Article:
Community Mobilizes to Stop Child Labour
By Elliot Hannon
DUNGAPUR, India, 10 June 2011 – When Mukesh Somaji Damore, 12, left his village two years ago to work in the cotton fields, he missed home. Every morning, on an empty stomach, he would wake up at 4 a.m. to start pruning and pollinating cotton plants.
After a brutal 14-hour day, like all of the children working beside him, Mukesh was left to prepare his own dinner. He had only been given a bag of flour to prepare his meals with. If he wanted vegetables to eat, he had to buy them himself.
After dinner, he would stare at the television before going to sleep side-by-side with a dozen other children on the floor of a shed. “I felt very sad. There were days when I would cry,” recalls Mukesh.
And he was damaging his health. Without a mask or any protective equipment, he constantly felt sick from the pesticides spread over the crops each morning. “I felt ill there, I always had a fever,” he says.
India is the world’s second largest cotton producer. In Dungarpur district in the state of Rajasthan, tens of thousands of children like Mukesh are taken across the border each year to work in the cotton fields of the neighbouring state of Gujarat.
Raju Rama Pargi, 13, was told to be ready at midnight. He didn’t know much about picking cotton when he agreed to work in the fields, but he had seen kids from his village come back with new clothes and watches. Raju wanted a mobile phone and working in the cotton fields seemed the only way to get one.
Raju didn’t know where he was going, or who he was meeting at the main road at midnight, two kilometres from his home in Ratadia village. All he knew was that he was heading to Gujarat and that his parents wouldn’t approve.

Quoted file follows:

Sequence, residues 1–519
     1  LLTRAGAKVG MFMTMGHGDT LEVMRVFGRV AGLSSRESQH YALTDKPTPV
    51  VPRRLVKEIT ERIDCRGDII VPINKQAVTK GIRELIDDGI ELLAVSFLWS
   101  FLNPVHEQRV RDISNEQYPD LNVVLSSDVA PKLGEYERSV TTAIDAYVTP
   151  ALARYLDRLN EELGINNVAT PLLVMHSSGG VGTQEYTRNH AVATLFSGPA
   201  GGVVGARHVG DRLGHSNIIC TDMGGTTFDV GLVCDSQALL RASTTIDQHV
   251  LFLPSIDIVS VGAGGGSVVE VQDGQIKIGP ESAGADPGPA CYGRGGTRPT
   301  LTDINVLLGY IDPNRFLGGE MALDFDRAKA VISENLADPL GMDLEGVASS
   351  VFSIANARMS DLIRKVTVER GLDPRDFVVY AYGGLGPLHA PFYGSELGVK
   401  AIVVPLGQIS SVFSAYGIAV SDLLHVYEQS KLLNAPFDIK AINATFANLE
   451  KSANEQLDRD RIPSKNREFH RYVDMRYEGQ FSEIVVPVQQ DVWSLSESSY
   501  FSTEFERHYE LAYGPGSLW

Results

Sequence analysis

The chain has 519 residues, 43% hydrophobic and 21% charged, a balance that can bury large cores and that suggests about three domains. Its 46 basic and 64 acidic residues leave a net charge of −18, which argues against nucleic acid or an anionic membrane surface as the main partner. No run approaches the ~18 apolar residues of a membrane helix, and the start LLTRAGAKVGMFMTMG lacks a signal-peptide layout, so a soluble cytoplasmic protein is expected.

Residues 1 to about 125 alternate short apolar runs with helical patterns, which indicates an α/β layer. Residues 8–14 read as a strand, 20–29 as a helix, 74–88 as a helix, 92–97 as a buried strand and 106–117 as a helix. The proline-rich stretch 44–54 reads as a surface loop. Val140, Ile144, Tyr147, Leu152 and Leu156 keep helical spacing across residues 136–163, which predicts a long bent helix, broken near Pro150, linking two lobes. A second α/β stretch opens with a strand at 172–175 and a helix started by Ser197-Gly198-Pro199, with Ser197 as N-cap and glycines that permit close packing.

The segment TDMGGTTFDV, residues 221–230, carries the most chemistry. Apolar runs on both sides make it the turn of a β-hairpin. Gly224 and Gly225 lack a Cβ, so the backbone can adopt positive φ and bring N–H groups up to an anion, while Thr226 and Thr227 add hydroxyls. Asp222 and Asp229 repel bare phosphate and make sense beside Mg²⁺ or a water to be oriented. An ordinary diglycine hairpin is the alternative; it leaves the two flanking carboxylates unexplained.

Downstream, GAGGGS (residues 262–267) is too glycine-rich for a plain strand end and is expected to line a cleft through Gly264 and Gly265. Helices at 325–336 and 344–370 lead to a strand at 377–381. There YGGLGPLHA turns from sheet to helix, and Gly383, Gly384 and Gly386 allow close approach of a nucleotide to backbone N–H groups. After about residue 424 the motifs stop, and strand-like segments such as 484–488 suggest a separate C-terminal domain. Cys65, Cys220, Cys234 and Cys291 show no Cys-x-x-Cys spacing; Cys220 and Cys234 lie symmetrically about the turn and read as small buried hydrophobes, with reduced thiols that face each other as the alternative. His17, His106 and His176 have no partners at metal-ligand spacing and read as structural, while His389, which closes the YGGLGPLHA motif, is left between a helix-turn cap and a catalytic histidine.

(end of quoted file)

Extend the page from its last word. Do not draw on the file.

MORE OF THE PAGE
Just before midnight Raju and his cousin slipped away and walked to where a jeep was waiting with four other children he didn’t know. Luckily, on its journey, the jeep was stopped by police at a checkpoint targeting child trafficking and Raju headed back home.
Combatting child labour
With the support and guidance of the People’s Education and Development Organisation, a local non-governmental organization working with UNICEF on a child protection programme that aims to get children out of the fields and back into schools, Raju was then convinced that returning to school would be best for his future.
Similarly, when Mukesh came back to Pallasavu village after the harvest season, he vowed never to go back. On hearing that Mukesh was out-of-school, his neighbour, Champalala Tabira, 45, knocked on the family’s door to talk to his mother about re-enrolling him.
Ms. Tabira is a member of the Village Child Protection Committee, which is part of a UNICEF effort, supported by IKEA Foundation, to mobilize local communities across the district to stop child labour.
Last year, thanks to the volunteer committee’s enrolment campaign, 50 new students in the village entered school. Mukesh had already missed much of the school year, so Ms. Tabira made repeated visits to see his mother about starting Mukesh again the following term. “I asked her to send him to school to make her son’s future brighter,” says Ms. Tabira.
Despite not ever setting foot in a classroom as a child, Tabira understands the importance of education for a child and the community. “Even if one child in 100 stays out of school, our whole community remains backward,” said Ms. Tabira.
Rajasthan’s state government is also expanding its efforts to prevent children from going to work in cotton fields by surveying vulnerable households across the state to identify child labour hot spots.
Education a priority
In the state’s southernmost districts, like Dungarpur, UNICEF has already trained 90 village leaders, 120 community workers and linked 1,500 families with social protection schemes to help combat child labour.
Now back in school, Mukesh has developed an interest in science because his teacher takes the time to patiently explain difficult concepts until he understands. His lessons in Sanskrit are still a challenge, but he’s happy to be back.
Mukesh doesn’t plan on stopping his studies any time soon and now has his sights set on becoming a teacher himself. “I’m not going anymore to work on cotton, I’m going to study,” he says.?
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